For the Sikhs, Diwali celebrations follow the celebration of Bandi Chhorh Divas – the day of freedom, celebrating the release the Sixth Guru, Guru Hargobind Ji and other 52 princes in 1619. The Sikh tradition holds that the Emperor Jahangir had imprisoned Guru Hargobind Ji and 52 princes. Emperor Jahangir agreed to release Guru Hargobind Ji but put a condition that only those who could hold onto his cloak tail would be allowed to leave the prison. He was under the impression that such a move would restrict the number of princes to be released. Guru Hargobind Ji, the smart dude that he was, got a cloak designed with 52 pieces of strings, made his 52 princes hold on to them and walked out as Emperor Jahangir watched with his mouth gaped wide open. Quoting the McDonald’s famous punchlinen here ‘I’m loving it’. Sikhs celebrated the return of their Guru by lighting the Sri Harmandir Sahib (Golden Temple) and this tradition continues today.

The name “Diwali” is a contraction of “Deepavali”, which roughly translates into “row of lamps”. While the story behind Deepavali and the manner of celebration varies from region to region (festive fireworks, worship, lights, sharing of sweets), the essence is the same – to rejoice in the Inner Light (Atman) or the underlying Reality of all things (Brahman).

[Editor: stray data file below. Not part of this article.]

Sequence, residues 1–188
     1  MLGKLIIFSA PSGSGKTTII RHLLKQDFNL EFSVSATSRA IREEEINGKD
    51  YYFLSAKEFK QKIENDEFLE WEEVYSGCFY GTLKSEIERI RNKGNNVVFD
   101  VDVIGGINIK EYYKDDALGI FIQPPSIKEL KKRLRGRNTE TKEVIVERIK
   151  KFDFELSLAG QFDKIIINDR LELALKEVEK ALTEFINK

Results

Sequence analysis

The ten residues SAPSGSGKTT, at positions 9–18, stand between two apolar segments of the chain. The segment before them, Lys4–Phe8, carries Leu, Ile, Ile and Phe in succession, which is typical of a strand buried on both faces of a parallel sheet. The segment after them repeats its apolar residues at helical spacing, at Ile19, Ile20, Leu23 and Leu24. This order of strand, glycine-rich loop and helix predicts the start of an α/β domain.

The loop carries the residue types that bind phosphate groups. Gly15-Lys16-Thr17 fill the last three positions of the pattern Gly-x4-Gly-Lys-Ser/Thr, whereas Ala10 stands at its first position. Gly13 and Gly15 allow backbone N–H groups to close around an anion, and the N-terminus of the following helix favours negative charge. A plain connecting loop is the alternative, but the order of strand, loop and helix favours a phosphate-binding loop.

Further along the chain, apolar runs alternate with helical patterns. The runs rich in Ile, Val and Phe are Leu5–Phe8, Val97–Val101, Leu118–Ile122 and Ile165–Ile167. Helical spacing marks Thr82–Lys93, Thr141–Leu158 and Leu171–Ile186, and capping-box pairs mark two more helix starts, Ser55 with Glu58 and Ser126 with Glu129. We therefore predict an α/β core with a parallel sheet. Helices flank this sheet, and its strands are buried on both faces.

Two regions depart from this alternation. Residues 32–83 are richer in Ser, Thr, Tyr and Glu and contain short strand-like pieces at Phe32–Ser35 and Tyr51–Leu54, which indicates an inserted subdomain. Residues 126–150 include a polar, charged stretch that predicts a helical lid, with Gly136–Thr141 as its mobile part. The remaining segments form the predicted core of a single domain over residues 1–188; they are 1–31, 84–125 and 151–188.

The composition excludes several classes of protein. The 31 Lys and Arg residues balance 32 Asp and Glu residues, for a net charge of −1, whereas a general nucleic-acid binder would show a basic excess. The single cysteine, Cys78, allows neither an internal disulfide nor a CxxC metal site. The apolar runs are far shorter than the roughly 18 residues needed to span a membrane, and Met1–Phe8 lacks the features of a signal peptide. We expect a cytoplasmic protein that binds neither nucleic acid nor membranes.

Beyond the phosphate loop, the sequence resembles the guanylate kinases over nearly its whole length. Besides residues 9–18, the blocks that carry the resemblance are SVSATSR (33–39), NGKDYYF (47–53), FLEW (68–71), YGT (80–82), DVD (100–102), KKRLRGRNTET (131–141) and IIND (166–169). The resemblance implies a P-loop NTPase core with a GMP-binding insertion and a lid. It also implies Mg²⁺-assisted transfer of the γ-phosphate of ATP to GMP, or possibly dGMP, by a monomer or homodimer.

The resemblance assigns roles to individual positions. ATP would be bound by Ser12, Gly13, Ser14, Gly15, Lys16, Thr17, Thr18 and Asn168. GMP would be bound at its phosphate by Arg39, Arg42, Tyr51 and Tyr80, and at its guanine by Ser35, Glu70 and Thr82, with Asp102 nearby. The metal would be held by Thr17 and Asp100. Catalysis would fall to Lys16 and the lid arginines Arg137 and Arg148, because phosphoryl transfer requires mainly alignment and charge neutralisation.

Traditionally, Diwali is celebrated across 2 continuous days. On these auspicious days, people light up diyas and candles all around their homes and businesses; although with a huge population settled comfortably in urban domiciles earthen lamps and candles get replaced with electronic products like neon lights and LED displays. A horde of marketing offers, cultural shows featuring Bollywood stars and film releases also accompany Diwali celebrations in India.

Diwali frenzy reaches fever pitch in India this year with the release of the much awaited Indian superhero flick, Ra.One, starring Sharukh Khan, Kareena Kapoor and Arjun Rampal in the lead roles. A few days past that India will witness it’s first ever F1 racing event, followed by… hold your breath - a Metallica concert!


Popular posts from this blog

10 music fests in North East India you don't want to miss